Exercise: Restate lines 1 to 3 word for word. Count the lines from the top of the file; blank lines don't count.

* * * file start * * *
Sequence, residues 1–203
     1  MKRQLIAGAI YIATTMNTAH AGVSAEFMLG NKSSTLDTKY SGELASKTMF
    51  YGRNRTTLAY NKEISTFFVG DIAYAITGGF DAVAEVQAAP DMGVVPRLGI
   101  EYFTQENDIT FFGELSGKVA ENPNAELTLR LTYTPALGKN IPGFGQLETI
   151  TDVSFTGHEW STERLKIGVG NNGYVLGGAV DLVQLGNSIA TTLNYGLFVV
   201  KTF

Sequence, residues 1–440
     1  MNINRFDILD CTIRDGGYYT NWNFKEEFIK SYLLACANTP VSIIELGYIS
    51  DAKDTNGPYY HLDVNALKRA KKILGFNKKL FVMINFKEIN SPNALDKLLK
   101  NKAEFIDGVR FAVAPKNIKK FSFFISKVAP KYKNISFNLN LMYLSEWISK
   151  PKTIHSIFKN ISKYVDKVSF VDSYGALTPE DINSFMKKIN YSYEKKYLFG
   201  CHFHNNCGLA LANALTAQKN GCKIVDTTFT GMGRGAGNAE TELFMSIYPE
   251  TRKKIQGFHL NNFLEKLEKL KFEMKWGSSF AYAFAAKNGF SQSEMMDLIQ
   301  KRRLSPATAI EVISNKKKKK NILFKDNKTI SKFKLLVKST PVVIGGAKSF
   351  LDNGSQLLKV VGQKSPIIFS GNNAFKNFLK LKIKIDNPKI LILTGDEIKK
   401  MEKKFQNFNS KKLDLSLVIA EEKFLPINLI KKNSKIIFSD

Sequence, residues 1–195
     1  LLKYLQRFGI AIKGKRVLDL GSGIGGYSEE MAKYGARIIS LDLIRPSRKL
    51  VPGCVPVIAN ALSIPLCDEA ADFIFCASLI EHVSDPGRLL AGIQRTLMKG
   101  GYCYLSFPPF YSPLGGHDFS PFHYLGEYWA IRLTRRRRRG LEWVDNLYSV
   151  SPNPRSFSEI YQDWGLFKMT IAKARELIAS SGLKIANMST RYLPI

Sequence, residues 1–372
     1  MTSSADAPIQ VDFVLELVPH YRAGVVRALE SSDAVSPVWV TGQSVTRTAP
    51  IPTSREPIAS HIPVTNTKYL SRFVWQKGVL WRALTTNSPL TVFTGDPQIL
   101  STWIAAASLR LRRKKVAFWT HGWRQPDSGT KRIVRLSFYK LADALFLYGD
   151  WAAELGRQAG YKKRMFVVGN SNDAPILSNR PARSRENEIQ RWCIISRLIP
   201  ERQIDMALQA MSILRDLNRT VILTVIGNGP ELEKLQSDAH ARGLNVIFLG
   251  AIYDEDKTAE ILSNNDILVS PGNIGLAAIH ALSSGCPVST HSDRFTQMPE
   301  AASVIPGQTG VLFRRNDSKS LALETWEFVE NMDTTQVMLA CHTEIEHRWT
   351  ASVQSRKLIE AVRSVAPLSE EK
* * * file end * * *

Sequence, residues 1–203
     1  MKRQLIAGAI YIATTMNTAH AGVSAEFMLG NKSSTLDTKY SGELASKTMF
    51  YGRNRTTLAY NKEISTFFVG DIAYAITGGF DAVAEVQAAP DMGVVPRLGI